This study aimed to examine the predictive utility of body shame on eating behaviors in adolescents, while controlling for age, sex and body mass index (BMI). Participants were 400 Croatian adolescent girls and boys who completed self-report questionnaires assessing body shame and eating behaviors. Results showed that the mean eating behaviors score and the mean body shame score were significantly higher in females compared to males. Body shame explained statistically significant amount of eating behaviors variance after controlling for age, sex and BMI. Participants’ age and BMI did not play a role as significant predictors of eating behaviors. Implications for future research, including the importance of prospective longitudinal designs, are discussed.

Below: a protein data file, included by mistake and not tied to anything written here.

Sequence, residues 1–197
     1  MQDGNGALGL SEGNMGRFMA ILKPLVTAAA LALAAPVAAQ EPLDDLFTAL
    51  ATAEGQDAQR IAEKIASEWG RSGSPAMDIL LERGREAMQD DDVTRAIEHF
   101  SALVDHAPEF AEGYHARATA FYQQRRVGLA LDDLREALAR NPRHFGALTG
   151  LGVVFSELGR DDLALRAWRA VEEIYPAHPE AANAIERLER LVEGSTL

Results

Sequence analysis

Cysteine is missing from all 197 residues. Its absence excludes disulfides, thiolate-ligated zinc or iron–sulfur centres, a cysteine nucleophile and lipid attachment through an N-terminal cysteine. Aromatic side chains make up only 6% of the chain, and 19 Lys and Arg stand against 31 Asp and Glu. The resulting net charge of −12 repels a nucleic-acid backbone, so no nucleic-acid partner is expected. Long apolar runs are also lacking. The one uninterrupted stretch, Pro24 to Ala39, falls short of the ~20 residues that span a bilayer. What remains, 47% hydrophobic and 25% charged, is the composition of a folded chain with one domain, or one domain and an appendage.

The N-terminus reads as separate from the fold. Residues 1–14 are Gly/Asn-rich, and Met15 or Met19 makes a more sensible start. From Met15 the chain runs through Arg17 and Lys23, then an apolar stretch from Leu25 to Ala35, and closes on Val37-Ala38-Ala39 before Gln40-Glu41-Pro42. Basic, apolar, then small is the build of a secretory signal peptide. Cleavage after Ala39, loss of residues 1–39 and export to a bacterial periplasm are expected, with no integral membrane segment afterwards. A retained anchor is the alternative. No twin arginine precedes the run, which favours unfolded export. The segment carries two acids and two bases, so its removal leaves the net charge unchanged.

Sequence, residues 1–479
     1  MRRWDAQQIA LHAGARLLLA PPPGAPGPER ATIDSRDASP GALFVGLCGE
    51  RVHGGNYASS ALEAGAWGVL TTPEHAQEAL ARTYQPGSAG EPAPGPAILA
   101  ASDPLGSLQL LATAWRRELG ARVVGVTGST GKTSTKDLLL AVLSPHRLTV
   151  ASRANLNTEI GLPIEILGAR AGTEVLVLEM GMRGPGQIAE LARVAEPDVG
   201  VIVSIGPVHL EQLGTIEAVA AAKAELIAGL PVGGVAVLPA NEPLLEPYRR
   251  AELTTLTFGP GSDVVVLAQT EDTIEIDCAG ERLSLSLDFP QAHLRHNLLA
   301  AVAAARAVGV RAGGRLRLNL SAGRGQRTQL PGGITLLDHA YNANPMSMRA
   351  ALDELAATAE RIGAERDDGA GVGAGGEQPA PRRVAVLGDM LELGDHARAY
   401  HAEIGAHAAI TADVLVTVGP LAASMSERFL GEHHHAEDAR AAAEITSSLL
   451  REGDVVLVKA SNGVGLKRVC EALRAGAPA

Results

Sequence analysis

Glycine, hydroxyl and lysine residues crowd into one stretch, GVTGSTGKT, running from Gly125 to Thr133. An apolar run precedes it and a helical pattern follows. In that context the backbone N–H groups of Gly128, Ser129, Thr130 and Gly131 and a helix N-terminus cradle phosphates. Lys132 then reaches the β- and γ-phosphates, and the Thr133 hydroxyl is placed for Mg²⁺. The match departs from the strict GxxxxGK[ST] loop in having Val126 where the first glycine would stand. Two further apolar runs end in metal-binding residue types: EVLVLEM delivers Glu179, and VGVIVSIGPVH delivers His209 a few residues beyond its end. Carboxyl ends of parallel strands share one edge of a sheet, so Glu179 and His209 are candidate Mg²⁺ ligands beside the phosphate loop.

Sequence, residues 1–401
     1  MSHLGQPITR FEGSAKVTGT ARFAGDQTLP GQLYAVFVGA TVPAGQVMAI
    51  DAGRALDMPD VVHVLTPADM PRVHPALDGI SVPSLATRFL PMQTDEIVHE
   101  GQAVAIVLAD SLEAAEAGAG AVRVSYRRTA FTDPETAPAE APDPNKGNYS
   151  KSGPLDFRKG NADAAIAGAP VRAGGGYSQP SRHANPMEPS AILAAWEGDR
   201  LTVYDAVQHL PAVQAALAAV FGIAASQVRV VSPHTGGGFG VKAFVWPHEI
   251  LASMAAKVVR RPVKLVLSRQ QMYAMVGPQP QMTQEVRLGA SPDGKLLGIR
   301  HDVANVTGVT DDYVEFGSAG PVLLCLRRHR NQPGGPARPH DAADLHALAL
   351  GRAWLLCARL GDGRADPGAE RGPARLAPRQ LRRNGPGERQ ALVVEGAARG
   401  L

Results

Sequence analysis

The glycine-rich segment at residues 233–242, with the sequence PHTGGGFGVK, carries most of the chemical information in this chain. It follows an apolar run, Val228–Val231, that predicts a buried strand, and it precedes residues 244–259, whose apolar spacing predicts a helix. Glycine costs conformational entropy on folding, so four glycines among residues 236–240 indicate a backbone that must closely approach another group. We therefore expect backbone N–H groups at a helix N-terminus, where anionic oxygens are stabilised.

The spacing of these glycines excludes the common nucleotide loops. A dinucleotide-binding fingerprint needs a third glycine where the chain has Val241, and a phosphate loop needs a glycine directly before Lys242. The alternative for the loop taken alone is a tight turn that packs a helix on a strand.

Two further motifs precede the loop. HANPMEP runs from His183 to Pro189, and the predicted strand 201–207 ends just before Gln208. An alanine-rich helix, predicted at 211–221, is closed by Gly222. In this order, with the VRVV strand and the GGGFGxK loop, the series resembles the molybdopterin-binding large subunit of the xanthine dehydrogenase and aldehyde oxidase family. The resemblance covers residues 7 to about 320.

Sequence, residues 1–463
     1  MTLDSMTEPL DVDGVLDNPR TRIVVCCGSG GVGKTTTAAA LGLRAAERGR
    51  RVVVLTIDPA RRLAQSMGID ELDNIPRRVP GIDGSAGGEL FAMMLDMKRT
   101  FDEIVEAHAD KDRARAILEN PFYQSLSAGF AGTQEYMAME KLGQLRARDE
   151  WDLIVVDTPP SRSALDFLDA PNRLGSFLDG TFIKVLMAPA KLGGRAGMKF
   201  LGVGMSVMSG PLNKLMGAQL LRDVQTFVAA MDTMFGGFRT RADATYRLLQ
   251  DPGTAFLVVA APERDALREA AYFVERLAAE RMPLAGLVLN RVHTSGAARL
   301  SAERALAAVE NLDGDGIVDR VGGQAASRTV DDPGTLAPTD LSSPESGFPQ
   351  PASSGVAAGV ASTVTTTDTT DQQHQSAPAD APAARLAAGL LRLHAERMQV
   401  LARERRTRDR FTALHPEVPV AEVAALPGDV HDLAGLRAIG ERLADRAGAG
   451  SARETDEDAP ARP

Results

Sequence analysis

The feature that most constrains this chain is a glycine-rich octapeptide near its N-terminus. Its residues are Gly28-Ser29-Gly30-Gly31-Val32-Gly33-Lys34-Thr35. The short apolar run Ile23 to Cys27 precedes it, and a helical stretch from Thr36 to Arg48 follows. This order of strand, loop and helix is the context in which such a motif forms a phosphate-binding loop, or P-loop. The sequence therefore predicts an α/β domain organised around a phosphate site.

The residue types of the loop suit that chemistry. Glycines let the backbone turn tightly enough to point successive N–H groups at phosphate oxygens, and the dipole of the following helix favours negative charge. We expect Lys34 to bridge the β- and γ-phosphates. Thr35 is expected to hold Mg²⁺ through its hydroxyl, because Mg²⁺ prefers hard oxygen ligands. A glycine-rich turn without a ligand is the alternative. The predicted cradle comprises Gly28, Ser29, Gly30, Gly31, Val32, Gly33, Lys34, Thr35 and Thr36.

Current Psychology – Springer Journals
Published: Mar 10, 2016
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